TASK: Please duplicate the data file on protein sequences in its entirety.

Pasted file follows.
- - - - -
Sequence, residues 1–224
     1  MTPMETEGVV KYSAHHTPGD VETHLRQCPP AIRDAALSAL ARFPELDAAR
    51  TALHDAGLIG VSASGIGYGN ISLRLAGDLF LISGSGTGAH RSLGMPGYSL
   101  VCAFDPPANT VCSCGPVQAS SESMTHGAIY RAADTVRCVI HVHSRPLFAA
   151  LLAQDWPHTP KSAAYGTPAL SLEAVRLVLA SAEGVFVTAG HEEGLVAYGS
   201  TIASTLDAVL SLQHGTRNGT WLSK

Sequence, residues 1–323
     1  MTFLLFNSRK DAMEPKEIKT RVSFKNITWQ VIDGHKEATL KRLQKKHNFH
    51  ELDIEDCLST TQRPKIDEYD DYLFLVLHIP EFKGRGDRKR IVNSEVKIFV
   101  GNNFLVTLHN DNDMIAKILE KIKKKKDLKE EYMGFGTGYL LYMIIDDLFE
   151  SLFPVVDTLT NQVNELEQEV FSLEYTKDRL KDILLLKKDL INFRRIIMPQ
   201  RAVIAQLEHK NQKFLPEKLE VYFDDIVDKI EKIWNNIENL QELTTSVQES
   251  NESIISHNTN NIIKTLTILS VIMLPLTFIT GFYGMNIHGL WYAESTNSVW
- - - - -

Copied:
Sequence, residues 1–224
     1  MTPMETEGVV KYSAHHTPGD VETHLRQCPP AIRDAALSAL ARFPELDAAR
    51  TALHDAGLIG VSASGIGYGN ISLRLAGDLF LISGSGTGAH RSLGMPGYSL
   101  VCAFDPPANT VCSCGPVQAS SESMTHGAIY RAADTVRCVI HVHSRPLFAA
   151  LLAQDWPHTP KSAAYGTPAL SLEAVRLVLA SAEGVFVTAG HEEGLVAYGS
   201  TIASTLDAVL SLQHGTRNGT WLSK

Sequence, residues 1–323
     1  MTFLLFNSRK DAMEPKEIKT RVSFKNITWQ VIDGHKEATL KRLQKKHNFH
    51  ELDIEDCLST TQRPKIDEYD DYLFLVLHIP EFKGRGDRKR IVNSEVKIFV
   101  GNNFLVTLHN DNDMIAKILE KIKKKKDLKE EYMGFGTGYL LYMIIDDLFE
   151  SLFPVVDTLT NQVNELEQEV FSLEYTKDRL KDILLLKKDL INFRRIIMPQ
   201  RAVIAQLEHK NQKFLPEKLE VYFDDIVDKI EKIWNNIENL QELTTSVQES
   251  NESIISHNTN NIIKTLTILS VIMLPLTFIT GFYGMNIHGL WYAESTNSVW